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What does CRES stand for?

CRES stands for Center for Real Estate Studies

This definition appears frequently and is found in the following Acronym Finder categories:

  • Organizations, NGOs, schools, universities, etc.
  • Business, finance, etc.

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We have 98 other meanings of CRES in our Acronym Attic

Samples in periodicals archive:

Breslin Center for Real Estate Studies and the Institute of Real Estate at Hofstra University, at the annual CIBS-ABLI real estate dinner on Thursday evening.
Jeff Fisher, a NCREIF academic member from the Indiana University Benecki Center for Real Estate Studies, and Dan Dierking, chief information officer of NCREIF, are spearheading the database extraction efforts.
Chused, Gerald Korngold and Elise Boddie Additional notes: NYLS also has a Center for Real Estate Studies and will soon be the only New York school offering an LLM program in real estate, after Pace's program is phased out by year's end.
REALTOR[R] University operates a degree granting educational institution that offers and awards a graduate degree concentrating on real estate and real estate business, offering professional development and continuing education in real estate, providing scholarship assistance programs and developing and operating the REALTOR[R] University Center for Real Estate Studies to conduct and disseminate real estate research and data.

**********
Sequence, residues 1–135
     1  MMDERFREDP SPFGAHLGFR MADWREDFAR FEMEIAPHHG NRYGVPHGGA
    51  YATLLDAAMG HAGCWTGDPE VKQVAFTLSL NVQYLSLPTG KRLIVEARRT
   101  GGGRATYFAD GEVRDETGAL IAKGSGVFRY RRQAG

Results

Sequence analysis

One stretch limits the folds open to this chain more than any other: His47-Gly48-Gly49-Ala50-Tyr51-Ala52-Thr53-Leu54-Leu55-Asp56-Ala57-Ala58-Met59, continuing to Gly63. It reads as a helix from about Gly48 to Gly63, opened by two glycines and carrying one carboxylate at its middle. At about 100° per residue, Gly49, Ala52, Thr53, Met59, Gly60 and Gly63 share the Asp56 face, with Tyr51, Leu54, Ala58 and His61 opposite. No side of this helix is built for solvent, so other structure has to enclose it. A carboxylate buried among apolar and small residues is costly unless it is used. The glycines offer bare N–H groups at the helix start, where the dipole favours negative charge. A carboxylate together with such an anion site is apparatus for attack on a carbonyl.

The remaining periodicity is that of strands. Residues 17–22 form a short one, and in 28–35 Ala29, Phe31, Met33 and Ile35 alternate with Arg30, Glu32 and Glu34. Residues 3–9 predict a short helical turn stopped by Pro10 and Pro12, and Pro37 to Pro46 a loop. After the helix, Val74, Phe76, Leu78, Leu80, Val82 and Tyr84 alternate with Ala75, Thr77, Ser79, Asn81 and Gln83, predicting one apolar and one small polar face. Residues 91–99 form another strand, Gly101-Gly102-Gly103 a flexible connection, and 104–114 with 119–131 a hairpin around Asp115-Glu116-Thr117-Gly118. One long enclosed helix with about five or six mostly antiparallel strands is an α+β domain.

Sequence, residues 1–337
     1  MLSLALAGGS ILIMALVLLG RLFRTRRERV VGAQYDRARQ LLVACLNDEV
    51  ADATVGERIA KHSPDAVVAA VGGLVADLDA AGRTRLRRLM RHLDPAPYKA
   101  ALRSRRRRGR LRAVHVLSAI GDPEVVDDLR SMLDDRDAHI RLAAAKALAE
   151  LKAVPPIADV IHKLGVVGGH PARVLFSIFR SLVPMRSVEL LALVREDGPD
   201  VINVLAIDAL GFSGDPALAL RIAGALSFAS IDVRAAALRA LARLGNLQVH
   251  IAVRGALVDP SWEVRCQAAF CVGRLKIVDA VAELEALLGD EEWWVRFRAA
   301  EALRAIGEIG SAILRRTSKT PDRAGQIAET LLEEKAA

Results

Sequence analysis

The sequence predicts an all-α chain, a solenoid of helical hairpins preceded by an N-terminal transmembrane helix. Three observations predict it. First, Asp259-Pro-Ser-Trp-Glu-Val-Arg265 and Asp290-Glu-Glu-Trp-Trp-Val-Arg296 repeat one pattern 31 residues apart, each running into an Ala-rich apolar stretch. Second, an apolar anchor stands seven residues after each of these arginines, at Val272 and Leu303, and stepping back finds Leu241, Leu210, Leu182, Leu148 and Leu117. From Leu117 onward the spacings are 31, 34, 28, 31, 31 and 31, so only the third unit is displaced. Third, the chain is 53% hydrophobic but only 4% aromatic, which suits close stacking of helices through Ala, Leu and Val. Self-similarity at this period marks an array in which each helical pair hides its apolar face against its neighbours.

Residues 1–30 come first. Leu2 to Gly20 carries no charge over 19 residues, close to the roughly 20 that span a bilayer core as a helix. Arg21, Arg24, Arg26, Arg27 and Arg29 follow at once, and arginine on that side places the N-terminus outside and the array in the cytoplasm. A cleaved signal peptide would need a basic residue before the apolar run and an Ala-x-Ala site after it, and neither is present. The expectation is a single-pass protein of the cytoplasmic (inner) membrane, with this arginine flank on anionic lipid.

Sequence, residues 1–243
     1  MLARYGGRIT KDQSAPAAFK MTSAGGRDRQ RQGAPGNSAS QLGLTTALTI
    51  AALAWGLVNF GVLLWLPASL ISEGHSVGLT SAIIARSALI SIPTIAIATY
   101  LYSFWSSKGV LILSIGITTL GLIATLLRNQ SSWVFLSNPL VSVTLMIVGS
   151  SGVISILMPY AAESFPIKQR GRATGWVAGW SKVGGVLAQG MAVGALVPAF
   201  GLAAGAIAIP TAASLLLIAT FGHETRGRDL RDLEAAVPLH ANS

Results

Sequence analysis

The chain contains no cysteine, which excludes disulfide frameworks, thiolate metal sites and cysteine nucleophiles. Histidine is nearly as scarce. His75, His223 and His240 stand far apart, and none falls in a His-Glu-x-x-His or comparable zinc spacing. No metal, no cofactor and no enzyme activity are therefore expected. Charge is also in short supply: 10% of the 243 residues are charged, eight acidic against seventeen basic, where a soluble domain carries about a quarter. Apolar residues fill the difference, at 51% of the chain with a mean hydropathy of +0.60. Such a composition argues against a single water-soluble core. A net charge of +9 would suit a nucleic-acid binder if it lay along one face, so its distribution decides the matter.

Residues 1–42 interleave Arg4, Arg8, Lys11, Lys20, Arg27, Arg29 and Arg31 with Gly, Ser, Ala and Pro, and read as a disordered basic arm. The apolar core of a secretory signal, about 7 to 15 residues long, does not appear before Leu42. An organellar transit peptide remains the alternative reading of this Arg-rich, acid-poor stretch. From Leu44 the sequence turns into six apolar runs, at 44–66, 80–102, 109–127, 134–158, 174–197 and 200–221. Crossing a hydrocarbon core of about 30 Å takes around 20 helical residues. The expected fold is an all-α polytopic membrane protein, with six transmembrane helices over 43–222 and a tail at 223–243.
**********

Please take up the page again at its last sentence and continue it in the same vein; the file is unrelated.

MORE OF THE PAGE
The School is noted for its nine academic centers: Center on Business Law & Policy, Center on Financial Services Law, Center for International Law, Center for New York City Law, Center for Professional Values and Practice, Center for Real Estate Studies, Diane Abbey Law Center for Children and Families, Institute for Information Law & Policy, and Justice Action Center.
13: The Center for Real Estate Studies and Center for New York City Law will host Larry Silverstein, president and CEO, Silverstein Properties and Chris Ward, executive director, The Port Authority of New York & New Jersey, in a conversation about the redevelopment of the World Trade Center.
A new survey by the University of Florida's Bergstrom Center for Real Estate Studies shows respondents expect prices to stabilize, maybe rise slightly, then see more sales as a result of low interest rates.
Fisher Director, Center for Real Estate Studies and Charles H.